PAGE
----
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KCRG TV9 First Alert Forecast For Dubuque and the Tri-States

KCRG TV9 FIRST ALERT FORECAST FOR WEDNESDAY, MAY 23, 2018 

TODAY:  PARTLY CLOUDY.  HIGH 87.  SOUTHEAST WIND 5-15 MPH. 

TONIGHT:  MOSTLY CLEAR.  LOW 62.  

TOMORROW:  PARTLY CLOUDY.  HIGH 85.                      

EXTENDED OUTLOOK FRIDAY THROUGH SUNDAY: 

WARM WITH A CHANCE OF SCATTERED STORMS FRIDAY AND SATURDAY, DRY SUNDAY.  HIGH’S IN THE 80’S TO NEAR 90.  LOW’S IN THE 60’S. 

MISSISSIPPI RIVER STAGE AT DUBUQUE:  13.3-FEET AND FALLING


KCRG Weather Blog

Spring’s last hard freeze was late, but last frost was a little early

We had a record cold April, but there’s been a lack of chilly weather since then. We haven’t had to contend with frost in nearly a month, and we won’t need to worry about it anytime soon. We start to think about patchy frost when the low temperature falls to 36 degrees. A freeze occurs at 32 degrees, and a hard freeze happens at 28 degrees. Cedar Rapids’ low of 27 degrees on April 29 was the last time the temperature met those categories. The average date of the last 28-degree low is April 11, 32 degrees is April 22, and 36 degrees is May 4. Dubuque’s last hard freeze was April 20, and the average last date for that is April 13. April 29 was the last cold morning when the low was 32 degrees. The average last 32-degree low is April 24, and for 36 degrees, it’s May 6. Iowa City’s last hard freeze was also on April 20, and the last frost and freeze were April 29. The average last low of 28 or colder is April 9, 32 degrees is April 21, and 36 degrees is May 2. Waterloo, like Cedar Rapids, had its last cold morning on April 29 when the low was 26 degrees. It hasn’t fallen into the 30s since then. The average date of the last 28-degree low is April 15, 32 degrees is April 29, and 36 degrees is May 6.

Summer-like weather takes over soon

Highs will soar well into the 80s to around 90 to finish off the week, lasting through early next week. These temperatures will be about 15 degrees above normal and will come with an increase in mugginess. The warmest stretch should occur from Saturday through Monday. Highs will approach 90 each day, with the highest chance of getting there happening west of Highway 218 and south of Highway 30. Even outside that zone, highs are expected to be in the upper 80s. Dew points in the 60s the next couple days will feel somewhat humid. By the weekend, dew points should be pushing 70, which is getting into the oppressive territory for late May. They won’t be quite as high as they are in July and August, thanks mainly to the fact that the corn crop isn’t mature and pumping lots of extra moisture into the air. Since this is the first bout of warm and humid weather of the season, it’ll take some time to get used to it. Since it’s a holiday weekend, be extra mindful of the conditions – drink more water and rest in the shade or air conditioning. Scattered storms are possible on Friday, although not everybody will get them. Severe weather is not likely, but those who get under a stronger storm may have brief gusty winds and a downpour. There is still a slight chance of a storm Saturday, but the odds of that are coming down.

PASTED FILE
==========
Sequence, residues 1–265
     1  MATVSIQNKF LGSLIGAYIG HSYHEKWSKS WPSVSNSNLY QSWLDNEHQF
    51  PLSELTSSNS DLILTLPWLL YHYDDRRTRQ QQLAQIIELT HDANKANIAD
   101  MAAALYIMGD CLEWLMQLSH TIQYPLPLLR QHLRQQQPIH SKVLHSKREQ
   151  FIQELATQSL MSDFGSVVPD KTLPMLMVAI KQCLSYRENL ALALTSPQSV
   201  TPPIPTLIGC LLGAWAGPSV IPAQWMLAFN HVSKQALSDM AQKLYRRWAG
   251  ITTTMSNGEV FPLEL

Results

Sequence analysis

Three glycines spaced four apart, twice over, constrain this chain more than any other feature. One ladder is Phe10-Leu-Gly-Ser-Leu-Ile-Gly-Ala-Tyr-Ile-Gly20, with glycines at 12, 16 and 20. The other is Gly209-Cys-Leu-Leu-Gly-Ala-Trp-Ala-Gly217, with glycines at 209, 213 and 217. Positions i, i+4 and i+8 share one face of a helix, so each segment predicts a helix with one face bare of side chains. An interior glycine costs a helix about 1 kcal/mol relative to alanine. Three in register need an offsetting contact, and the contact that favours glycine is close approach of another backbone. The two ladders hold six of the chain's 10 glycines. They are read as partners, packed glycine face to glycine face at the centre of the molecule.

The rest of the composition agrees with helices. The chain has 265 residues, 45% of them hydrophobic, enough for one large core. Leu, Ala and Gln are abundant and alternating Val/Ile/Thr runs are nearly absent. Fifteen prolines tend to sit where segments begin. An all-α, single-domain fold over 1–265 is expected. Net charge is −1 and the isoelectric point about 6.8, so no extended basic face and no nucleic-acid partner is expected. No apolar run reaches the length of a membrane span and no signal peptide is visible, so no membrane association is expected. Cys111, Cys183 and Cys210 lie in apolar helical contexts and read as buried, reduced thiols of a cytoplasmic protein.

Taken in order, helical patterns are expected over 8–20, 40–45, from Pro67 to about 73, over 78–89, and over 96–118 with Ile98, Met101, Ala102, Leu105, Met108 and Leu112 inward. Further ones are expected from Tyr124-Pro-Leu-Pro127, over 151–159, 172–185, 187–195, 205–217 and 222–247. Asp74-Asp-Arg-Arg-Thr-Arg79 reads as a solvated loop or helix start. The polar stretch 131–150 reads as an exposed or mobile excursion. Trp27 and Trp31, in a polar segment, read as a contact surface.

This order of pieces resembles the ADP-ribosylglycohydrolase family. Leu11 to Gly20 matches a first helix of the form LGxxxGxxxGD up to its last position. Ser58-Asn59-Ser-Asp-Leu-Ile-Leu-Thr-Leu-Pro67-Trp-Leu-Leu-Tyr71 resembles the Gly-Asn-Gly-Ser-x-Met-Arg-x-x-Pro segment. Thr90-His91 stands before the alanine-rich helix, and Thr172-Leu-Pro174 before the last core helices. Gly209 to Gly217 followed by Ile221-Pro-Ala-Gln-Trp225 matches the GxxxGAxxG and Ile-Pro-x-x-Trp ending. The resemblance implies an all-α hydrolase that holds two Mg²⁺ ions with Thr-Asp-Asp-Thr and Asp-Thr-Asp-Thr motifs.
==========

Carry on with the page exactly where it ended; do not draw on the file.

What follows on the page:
National Hurricane Center had record track accuracy in 2017

Hurricanes impact weather patterns hundreds of miles away, cause millions (if not billions) in damage, and can cause extensive loss of life. The National Hurricane Center (NHC) has posted their forecast accuracy for the most recent 2017 season, and it’s great news. 2017 was the most active Atlantic tropical season since 2005. The NHC’s track errors were the lowest on record for all forecast periods. This graph shows that that the five-day forecast error (blue line) was only 150 miles at five days out. While that may seem high to you, remember the scale of a hurricane. They are massive! The fact that they can pin an area of coastline from Galveston to New Orleans five days away is really quite remarkable. Back in 2005, that error was more than double what it was last hurricane season.

Some are getting the wettest weather in seven months

From May 12 to May 21, Cedar Rapids’ official rainfall has been 2.59”. That’s the largest 10-day precipitation total since October 2017, when about the same amount of rain fell. Dubuque has had 2.99”, the most since about five inches occurred early last October. For others, this period hasn’t been as wet. Iowa City has had only a little more than an inch during this 10-day stretch, but that amount isn’t very noteworthy there. In Waterloo, there’s been 1.12”, which is also pretty run-of-the-mill. Those who got underneath the slow-moving thunderstorms late Saturday got some big downpours. In some cases, a couple of inches fell in just a couple of hours! Those cases were very isolated, however.

Comfortable Tuesday leads into more summer-like pattern

After a cool, cloudy, and sometimes drizzly Monday, the weather turns a corner on Tuesday. We’ll have a partly cloudy sky and seasonable highs in the 70s. Warmer air overhead pushes in late Tuesday night, which should produce scattered showers and storms across the area. Those should go away Wednesday morning. After that, our weather will have a more summery flavor. Highs will be in the middle 80s Thursday through Saturday, and it’s going to feel humid those days. Scattered storms are possible Friday and Saturday, although there’s not a clear signal yet on the most likely locations or times of day for them. Sunday and Memorial Day are looking dry, though.